August 1, 2013

Is there value in assigning kids summer reading?


What to do with all these books???? (Image via Shutterstock.)

At The Millions, Carolyn Ross (a high school English teacher “in a town that has a mandated summer reading program”) writes about “The Problem with Summer Reading”:

Then comes September. We don’t quiz them on the first day, or even the first week, because everyone would fail. The policy is that the students have until the end of September to “finish” their summer reading, and by this date, must log into the software in their English teacher’s presence and complete the AR [Accelerated Reader] quiz on the books that they read. Most students use this time afforded to them to swap summaries of books with simple plots, to recall what books they might have read with their middle school English classes and never tested on, or to calculate how many three-point Dr. Seuss books they would have to test on to reach their assigned point value. Last year The Hunger Games movie was released, and about 50 percent of my students tested on that book. Students test every year on the Harry Potter books, because HBO runs the films for week- long stretches, giving kids every opportunity to get the plot down.

Watching them game the system, it seems it takes more work to successfully not read than it would to just pick up a book.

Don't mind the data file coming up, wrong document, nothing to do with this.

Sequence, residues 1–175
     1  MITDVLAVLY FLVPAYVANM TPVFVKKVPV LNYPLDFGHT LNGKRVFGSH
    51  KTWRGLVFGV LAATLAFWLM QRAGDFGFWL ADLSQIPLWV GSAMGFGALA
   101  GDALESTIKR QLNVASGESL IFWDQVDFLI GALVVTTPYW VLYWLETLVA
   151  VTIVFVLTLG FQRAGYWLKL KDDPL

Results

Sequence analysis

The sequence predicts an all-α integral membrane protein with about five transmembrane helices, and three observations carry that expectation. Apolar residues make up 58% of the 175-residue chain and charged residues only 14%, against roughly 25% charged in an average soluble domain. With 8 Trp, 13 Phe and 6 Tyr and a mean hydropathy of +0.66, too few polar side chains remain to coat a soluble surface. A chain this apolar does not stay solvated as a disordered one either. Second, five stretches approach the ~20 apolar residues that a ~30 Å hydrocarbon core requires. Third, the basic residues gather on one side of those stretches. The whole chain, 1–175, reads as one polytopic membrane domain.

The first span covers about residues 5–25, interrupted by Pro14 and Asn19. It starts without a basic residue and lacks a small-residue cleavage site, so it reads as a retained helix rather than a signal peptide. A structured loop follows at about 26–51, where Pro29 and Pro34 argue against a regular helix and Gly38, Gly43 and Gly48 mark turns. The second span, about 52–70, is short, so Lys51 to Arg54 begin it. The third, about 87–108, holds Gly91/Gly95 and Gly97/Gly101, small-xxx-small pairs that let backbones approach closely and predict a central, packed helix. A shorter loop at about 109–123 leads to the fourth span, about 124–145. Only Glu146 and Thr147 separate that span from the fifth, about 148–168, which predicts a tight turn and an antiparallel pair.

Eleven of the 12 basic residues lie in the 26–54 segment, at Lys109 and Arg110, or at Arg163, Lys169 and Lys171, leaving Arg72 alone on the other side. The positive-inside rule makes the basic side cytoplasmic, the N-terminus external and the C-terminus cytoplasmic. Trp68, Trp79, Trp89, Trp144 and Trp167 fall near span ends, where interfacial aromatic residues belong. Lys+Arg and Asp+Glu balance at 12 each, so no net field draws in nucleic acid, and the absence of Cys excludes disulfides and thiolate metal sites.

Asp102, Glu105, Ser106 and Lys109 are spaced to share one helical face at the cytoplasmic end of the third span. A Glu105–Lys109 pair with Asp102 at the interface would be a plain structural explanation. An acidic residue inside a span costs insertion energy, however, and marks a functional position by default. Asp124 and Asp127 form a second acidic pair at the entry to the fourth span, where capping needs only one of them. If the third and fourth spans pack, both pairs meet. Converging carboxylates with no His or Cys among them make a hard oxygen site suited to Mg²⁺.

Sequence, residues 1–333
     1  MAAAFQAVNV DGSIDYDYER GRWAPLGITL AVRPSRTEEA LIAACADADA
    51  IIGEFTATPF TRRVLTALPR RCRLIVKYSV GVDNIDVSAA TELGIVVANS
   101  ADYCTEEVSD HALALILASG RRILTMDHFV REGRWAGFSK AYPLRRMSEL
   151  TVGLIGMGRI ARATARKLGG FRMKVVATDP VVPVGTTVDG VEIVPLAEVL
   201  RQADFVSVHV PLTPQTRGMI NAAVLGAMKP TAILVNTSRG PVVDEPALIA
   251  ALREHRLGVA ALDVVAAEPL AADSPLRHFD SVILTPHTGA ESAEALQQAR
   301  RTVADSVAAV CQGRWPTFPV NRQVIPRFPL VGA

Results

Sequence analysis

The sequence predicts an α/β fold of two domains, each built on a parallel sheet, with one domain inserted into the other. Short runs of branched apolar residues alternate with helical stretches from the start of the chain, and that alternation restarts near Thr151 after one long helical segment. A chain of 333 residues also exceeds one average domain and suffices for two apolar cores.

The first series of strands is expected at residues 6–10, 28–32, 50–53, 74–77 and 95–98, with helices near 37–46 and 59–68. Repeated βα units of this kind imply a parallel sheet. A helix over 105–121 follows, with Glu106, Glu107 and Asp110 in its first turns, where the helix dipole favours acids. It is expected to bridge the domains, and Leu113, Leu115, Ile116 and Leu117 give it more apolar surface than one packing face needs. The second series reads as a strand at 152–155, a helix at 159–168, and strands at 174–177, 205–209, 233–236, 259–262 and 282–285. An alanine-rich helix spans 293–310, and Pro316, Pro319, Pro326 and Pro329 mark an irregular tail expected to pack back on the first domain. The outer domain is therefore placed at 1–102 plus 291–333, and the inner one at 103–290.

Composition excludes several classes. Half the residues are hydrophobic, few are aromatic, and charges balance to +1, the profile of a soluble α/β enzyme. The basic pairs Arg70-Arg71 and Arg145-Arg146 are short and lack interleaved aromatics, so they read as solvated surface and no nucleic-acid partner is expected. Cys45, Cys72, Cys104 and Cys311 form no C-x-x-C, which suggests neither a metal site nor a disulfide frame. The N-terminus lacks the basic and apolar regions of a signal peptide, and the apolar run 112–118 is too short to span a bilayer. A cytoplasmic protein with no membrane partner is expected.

Even watching her students “game the system,” Ross admits that she can’t bring herself to crack down: “focusing on the Accelerated Reader point values of books and testing the students on inane and helplessly specific plot points would fly directly in the face of all the work that I am doing in September to teach my students about being readers.”

I liked summer reading. In high school, I volunteered at my local library to help with the program—registering each child’s points (based on the number of pages and a handful of other parameters), which would eventually earn them tote bags, t-shirts, and other goodies. Many of the kids loved it, and would march their parents through the shelves, piling book after book in their baskets.

The library’s program, though, was happily optional. It relied on the kids’ own choices, and counted anything the library had in the children’s section as fair game. (The same was true for the YA program.) In those summers, I was doing summer reading assignments of my own, gumming up the cover of King Lear with snow cone flavoring at another summer job and checking off “page per day” rules in planners. I wanted to read, but I would much rather have read by choice.

I won’t say I learned nothing from this, and I did read some books I enjoyed. And yet, in the process, I dealt more with time management than with the books themselves—surely useful, but not so much about reading—and I suspect that this is largely Ross’s point. “For readers,” she writes, “AR will just be an annoyance, or at worst a source of unwarranted stress, because they already know how disconnected summer reading assignments are from the true motivations and rewards of reading.”

Emma Aylor is a former Melville House intern.